Last updated: 16/10/2022

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Welcome to this edition of Monederosmart. You are in the right place to find everything you need to know to make the best purchases. This time, we present you with a very complete guide to make the best decision when it comes to buying your music mixer. Read on to find out more.

It’s hard to believe that a good sound can often be ruined by a poor quality mixer. This is the most important part of any live performance, whether it’s an acoustic set, DJ, band or orchestra. There are mixers for all kinds of needs and budgets, of all sizes and specific functions.

We want you to choose the music mixer that’s right for you, so we invite you to stay tuned for this article to answer all your questions. We hope that by the end you will have all the tools you need to compare and discern about the different products offered on the market today.


  • A music mixer is a device used to combine different audio signals into one mix. They include from 2 to more than 72 channels to connect all kinds of microphones and instruments via different audio cables.
  • There are two types of music mixers on the market: analogue and digital. Both work for the same purpose but have particularities that we will discuss in depth later.
  • The decision you make to purchase your music mixer will depend on a number of purchasing factors. Some of these are the inclusion of effects processors, busses and equalisation options, among others. We will discuss these in the next sections.

The best Music Mixers: Our Picks

Buying guide: What you need to know about a music mixer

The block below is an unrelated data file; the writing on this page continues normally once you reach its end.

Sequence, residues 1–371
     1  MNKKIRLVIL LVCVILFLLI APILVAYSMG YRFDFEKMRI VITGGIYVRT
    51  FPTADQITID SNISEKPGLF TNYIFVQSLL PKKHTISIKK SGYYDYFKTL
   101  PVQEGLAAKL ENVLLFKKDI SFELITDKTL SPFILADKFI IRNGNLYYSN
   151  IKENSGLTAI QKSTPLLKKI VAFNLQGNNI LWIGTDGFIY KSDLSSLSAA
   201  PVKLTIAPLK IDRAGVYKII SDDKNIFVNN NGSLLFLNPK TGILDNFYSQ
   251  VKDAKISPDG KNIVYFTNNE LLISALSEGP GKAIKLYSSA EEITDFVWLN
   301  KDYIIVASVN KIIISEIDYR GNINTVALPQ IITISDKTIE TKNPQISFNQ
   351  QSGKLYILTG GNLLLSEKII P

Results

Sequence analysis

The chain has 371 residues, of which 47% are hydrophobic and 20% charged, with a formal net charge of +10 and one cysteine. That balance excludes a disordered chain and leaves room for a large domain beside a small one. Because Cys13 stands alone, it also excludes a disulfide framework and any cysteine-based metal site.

Choosing a good audio mixer is not that simple. Its multiple functions, inputs, outputs, buttons and controllers can be confusing, especially if you’re not an audio professional. That’s why here’s a guide to help you get your bearings.

The sound quality you are looking for is solved by knowing how to use a good mixer. (Photo: Wisawa Chinnacotra /

What is a music mixer and what are its advantages?

A music mixer, as the name suggests, is used to combine different audio signals into a digital or analogue mix. It has inputs for connecting voice microphones or acoustic instruments, as well as for connecting electronic instruments or music recorded from some other device.

Music mixers (also known as audio mixers), can have 2, 4, 8 or up to 72 channels or more in the case of professional studio mixers. They have all types of audio connectors: from RCA and XLR (canon) to ¼” and 3.5 mm plugs (mini plug).

Did you know that audio mixers were first used in the 1950s and have since completely revolutionised the way music is produced and recorded?

It is no longer necessary to spend a lot of money on studio time to have good equipment to rehearse with your band, or even record a good quality demo from home. However, nothing replaces the professional quality of a recording studio with an audio engineer controlling a super mixer.

  • Compact and portable models
  • Multiple input channels
  • Basic effects processor
  • Multiple types of connectors
  • Ease of operation
  • Studio models are very large and heavy
  • Effects are often of poor quality
  • You have to operate with great caution
  • Generally not all channels are fully featured